Third Circuit Reinstates New Jersey Employee’s Civil Rights Claim

While federal and New Jersey employment laws offer protections for most employees against a variety of adverse employment actions, public employees have an additional layer of protection from the U.S. and state constitutions. Certain employment actions could violate employees’ constitutional rights, and those employees may be entitled to damages. Section 1983 and the New Jersey Civil Rights Act (NJCRA) allow people to file lawsuits for deprivation of constitutional rights under certain circumstances. This may include rights that other statutes also protect. The Third Circuit Court of Appeals recently ruled in favor of a public employee in a claim alleging retaliation based on his union activities. While the National Labor Relations Act addresses this kind of retaliation, the suit asserts claims under § 1983 and the NJCRA. The Third Circuit reinstated claims that the plaintiff had brought against the county and a former county official.

Both § 1983 and the NJCRA allow individuals to file suit in connection with actions that allegedly deprive them of constitutional rights. The NJCRA also includes alleged interference with the “exercise or enjoyment” of such rights through “threats, intimidation or coercion.” The two statutes only allow lawsuits for actions taken “under color of law.” This generally refers to actions taken in an official capacity or based on the legal authority of one’s public position.

The Third Circuit case examined the lawsuit under several precedent cases that may relate to civil rights claims against employers. In a 2006 ruling, the Third Circuit established a three-prong test for certain constitutional claims based on retaliation. A plaintiff must prove the following:
1. They engaged in constitutionally protected conduct.
2. They faced “retaliatory action” that would “deter a person of ordinary firmness from exercising [their] constitutional rights.”
3. The retaliatory action resulted from the constitutionally protected conduct.

The U.S. Supreme Court’s 1978 decision in Monell v. Dep’t of Soc. Servs. of N.Y.C. addressed the standard of proof for retaliation claims against officials not directly involved in the alleged retaliatory conduct. A plaintiff must establish that the retaliation resulted from the “execution of a government’s policy or custom.”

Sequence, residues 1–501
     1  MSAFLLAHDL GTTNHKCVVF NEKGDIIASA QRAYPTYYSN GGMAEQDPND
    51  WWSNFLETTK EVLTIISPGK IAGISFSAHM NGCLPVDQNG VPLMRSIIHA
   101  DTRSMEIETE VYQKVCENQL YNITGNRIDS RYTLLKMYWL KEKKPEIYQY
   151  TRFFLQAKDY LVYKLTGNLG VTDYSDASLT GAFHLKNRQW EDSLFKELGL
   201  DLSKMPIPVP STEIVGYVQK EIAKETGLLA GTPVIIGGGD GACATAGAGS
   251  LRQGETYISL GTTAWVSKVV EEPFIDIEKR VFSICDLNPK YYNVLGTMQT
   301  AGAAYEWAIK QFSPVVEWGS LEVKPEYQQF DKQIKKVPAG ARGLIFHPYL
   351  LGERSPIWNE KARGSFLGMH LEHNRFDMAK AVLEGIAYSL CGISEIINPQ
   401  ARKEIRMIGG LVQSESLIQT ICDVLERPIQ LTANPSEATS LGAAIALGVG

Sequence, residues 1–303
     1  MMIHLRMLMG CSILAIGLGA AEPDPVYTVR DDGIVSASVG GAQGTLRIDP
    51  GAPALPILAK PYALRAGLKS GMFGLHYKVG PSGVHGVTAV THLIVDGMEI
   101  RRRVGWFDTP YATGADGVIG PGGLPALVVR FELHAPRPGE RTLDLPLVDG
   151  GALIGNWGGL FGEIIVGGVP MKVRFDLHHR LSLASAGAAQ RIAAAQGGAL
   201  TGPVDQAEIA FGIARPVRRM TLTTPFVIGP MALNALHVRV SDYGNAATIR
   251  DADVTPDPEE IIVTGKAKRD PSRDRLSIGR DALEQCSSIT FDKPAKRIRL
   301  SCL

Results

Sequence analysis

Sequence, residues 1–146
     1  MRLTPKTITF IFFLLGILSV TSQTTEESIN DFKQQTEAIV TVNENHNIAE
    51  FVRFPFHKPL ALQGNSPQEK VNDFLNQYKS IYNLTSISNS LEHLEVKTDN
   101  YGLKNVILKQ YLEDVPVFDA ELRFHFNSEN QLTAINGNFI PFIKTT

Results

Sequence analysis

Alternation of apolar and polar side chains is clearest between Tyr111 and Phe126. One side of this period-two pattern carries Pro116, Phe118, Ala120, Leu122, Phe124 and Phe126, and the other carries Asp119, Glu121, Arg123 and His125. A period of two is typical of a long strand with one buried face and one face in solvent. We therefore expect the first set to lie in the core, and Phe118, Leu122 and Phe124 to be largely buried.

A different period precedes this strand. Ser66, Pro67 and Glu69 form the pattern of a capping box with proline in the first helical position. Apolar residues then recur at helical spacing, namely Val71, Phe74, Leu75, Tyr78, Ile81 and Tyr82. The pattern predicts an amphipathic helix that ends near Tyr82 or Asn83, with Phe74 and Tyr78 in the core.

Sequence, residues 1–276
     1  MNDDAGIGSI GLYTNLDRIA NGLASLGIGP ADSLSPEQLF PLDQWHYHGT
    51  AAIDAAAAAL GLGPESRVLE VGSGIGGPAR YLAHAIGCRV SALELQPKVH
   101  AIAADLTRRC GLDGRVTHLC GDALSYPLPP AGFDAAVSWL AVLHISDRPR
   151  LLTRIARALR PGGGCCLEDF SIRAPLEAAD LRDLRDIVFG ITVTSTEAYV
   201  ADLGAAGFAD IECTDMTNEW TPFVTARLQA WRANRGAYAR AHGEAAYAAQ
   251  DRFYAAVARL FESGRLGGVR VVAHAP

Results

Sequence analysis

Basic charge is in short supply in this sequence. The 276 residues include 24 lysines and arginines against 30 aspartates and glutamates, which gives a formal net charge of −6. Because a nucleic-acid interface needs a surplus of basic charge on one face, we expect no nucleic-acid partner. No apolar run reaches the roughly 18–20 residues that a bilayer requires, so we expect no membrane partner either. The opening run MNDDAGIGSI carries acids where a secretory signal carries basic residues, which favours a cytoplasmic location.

The plaintiff in the Third Circuit case worked as a corrections officer for a county jail. He also served as a union president. He alleged widespread retaliation by the deputy director of the county’s Department of Corrections (DOC). He filed suit against the county, the DOC, the DOC director, and the deputy director for First Amendment violations under § 1983 and the NJCRA. At trial, the U.S. District Court dismissed the claims against all defendants except the deputy director. It later ordered the remaining defendant to pay $1.1 million in damages.

The Third Circuit reversed the order dismissing the claims against the other three defendants. It found that the plaintiff had pled sufficient facts to state a case for retaliation under Monell. It cited Third Circuit precedents stating that:
Public union membership is a constitutionally protected activity; and
– A plaintiff can satisfy their burden under Monell by proving that a “policymaker was deliberately indifferent” to a constitutional violation.
The court held that the plaintiff had presented evidence that the DOC director met this standard.

If you believe your employer has violated your rights by engaging in unlawful activities in New Jersey or New York, you need a skilled employment attorney on your side. The Resnick Law Group can advise you of your rights and advocate for your interests. Schedule a confidential consultation with us today through our website or by calling 973-781-1204 or 646-867-7997.

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